After this opened Job his mouth, and cursed his day.…
Frail is the heart of man. With all its heroism, its endurance and power, yet the stout heart yields and the brave spirit is cowed. The strongest bends beneath the heavy pressure. But if the human life is to be truthfully presented, its failures as well as its excellences must be set forth. It is an evidence that the writer is attempting an impartial statement, and in the midst of his poetical representations is not led away to mere extravagance and exaggeration in depicting the qualities of the righteous man. Job's strength of heart receives a shock. He is in the whirlpool of suffering and sorrow. He will recover himself in time; but for the present he is as one who has lost his balance. Let it not be forgotten how severe the strain upon him is. His possessions have been torn from him; his family stricken down by death; his body is the seat of a fierce and foul disease; his friends are powerless to help him. No wonder that "his grief was very great." Out of that grief springs his wail of complaint - the cry of a spirit overburdened. This is an instance of what may escape from the lips of a strong and good man under the pressure of unusual affliction. In judging the cry of sorrow or forming our estimate of the character of him who raises it, we must remember -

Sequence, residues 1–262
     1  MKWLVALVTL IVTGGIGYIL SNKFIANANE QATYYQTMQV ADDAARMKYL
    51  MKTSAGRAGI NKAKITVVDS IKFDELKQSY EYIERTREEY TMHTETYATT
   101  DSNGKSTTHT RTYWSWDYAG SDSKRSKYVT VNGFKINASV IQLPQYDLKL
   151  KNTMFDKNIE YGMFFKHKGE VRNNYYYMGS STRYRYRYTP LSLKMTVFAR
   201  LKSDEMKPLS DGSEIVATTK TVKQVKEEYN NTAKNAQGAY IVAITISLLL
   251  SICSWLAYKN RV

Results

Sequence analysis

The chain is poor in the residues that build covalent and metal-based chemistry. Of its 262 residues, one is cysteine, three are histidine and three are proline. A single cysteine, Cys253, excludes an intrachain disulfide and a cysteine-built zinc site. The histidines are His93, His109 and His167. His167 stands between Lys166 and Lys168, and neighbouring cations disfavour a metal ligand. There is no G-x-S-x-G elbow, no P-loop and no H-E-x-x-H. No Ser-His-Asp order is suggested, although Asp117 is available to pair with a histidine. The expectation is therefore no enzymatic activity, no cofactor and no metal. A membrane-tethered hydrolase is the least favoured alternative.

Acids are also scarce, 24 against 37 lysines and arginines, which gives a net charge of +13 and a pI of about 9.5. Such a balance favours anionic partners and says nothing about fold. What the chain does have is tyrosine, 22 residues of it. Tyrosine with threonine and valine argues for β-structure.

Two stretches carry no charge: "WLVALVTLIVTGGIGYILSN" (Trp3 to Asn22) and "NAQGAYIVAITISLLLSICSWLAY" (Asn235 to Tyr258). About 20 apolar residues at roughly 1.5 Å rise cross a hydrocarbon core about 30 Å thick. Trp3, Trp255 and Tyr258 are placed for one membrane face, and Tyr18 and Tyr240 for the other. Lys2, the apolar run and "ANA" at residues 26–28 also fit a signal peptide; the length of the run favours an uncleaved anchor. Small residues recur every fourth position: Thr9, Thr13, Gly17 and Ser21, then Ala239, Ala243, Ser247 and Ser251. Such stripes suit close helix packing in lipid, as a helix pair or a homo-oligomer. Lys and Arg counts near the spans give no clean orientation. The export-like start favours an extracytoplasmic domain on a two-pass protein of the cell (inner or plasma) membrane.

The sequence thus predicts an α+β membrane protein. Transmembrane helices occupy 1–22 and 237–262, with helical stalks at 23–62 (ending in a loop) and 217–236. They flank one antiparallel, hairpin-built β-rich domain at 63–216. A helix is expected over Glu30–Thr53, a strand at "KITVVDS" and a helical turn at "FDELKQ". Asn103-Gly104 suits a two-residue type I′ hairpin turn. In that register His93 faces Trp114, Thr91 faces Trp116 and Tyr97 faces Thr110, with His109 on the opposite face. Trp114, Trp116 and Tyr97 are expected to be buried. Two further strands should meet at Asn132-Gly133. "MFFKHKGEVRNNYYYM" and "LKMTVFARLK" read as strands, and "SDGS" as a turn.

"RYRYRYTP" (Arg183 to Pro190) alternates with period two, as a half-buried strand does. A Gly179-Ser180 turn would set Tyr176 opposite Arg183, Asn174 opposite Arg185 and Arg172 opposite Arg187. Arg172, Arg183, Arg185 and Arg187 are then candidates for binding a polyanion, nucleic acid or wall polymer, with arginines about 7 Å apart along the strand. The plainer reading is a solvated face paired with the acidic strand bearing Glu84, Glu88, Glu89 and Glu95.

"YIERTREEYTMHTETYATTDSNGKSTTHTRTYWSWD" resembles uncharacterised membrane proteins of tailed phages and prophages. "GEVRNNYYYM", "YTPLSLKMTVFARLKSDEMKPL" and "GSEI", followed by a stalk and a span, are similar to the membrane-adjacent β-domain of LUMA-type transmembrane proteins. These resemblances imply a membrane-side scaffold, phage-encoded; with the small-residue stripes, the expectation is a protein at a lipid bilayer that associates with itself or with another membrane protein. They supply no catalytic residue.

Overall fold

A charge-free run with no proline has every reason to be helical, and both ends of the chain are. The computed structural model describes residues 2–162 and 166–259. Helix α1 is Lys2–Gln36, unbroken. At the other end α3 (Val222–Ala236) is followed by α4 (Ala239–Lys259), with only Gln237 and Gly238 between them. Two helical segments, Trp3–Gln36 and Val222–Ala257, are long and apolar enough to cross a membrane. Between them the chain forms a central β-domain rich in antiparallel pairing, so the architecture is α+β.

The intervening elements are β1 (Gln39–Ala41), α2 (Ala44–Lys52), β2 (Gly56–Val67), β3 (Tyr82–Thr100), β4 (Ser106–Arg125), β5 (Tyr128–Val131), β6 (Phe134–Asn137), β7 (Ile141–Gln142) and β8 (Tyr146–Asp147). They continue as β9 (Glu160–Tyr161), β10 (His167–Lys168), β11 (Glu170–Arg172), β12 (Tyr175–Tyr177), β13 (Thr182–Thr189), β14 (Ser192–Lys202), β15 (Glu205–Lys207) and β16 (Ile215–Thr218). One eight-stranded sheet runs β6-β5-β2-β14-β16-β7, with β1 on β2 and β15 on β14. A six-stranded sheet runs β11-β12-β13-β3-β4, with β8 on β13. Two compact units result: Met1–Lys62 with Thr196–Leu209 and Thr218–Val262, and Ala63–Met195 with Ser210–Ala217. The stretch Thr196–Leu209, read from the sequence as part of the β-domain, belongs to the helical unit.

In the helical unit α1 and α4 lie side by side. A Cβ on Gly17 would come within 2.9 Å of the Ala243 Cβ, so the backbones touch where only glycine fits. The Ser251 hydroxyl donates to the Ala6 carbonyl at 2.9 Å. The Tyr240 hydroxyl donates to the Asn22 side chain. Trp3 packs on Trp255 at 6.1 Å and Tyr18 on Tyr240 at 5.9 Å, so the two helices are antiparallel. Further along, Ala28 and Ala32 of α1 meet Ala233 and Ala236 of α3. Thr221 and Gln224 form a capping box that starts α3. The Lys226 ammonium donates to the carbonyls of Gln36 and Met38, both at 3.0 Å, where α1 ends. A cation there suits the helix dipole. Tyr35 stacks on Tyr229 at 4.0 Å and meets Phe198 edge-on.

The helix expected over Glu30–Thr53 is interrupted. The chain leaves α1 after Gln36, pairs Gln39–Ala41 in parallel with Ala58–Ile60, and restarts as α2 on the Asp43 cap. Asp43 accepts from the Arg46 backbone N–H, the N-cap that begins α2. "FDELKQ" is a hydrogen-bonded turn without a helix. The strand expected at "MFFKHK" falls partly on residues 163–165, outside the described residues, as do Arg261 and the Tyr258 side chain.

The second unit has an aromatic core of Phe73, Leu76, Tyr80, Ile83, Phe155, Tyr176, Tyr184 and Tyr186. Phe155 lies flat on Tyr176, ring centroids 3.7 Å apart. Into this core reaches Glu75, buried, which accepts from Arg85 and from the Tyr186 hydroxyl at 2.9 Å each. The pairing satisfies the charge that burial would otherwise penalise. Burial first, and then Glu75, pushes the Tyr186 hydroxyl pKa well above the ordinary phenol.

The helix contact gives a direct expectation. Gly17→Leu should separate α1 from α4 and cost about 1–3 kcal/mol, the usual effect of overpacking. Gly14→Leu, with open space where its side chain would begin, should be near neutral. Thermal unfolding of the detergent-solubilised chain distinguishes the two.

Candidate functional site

I. THAT IT DOES NOT ACCURATELY REPRESENT THE UTTERANCE OF A CALM UNBIASED JUDGMENT. The sufferer is so liable to be unmanned at such an hour. There is too vivid a perception of the pains of life for the cry to be an accurate judgment on life itself.
II. THAT IT IS THE EXPRESSION OF THE SOUL'S FEELINGS IN THE EXTREMITY OF ITS CIRCUMSTANCES. And although the true test of strength is in an ability to bear the heaviest pressure, yet that perfection of virtue by which the severest strain can be borne with calmness is only an uncommon experience; if, indeed, it can ever be found but in the Perfect One.
III. THE INHERENT HUMAN FRAILTY. In this instance Job, "the perfect man and upright," falls behind the one absolute Example of patient endurance of the severest sufferings. Job, judged by the ordinary standard of human life, must be pronounced a model of patient endurance. The inherent weakness, the true mark of humanity, is apparent here. The world needed one "greater than Job" as its typical Example of patience.
IV. But in all we may also learn THE USELESSNESS OF THAT CRY OF SORROW WHICH DEMANDS THE IMPOSSIBLE. In quietness and self-composure Job would not have cried thus. Reason is not always supreme. In moments of great suffering her authority is assailed, impaired, even sometimes lost. In our judgment upon the cries of our frail brethren, we must, therefore, extend our utmost charity, make every allowance for the extreme conditions of which they are the expressions; and in our own habit of life accustom ourselves so to receive our minor afflictions that we may be tutored to comport ourselves rightly under the extremset pressure. - R.G.
Parallel VersesKJV: After this opened Job his mouth, and cursed his day.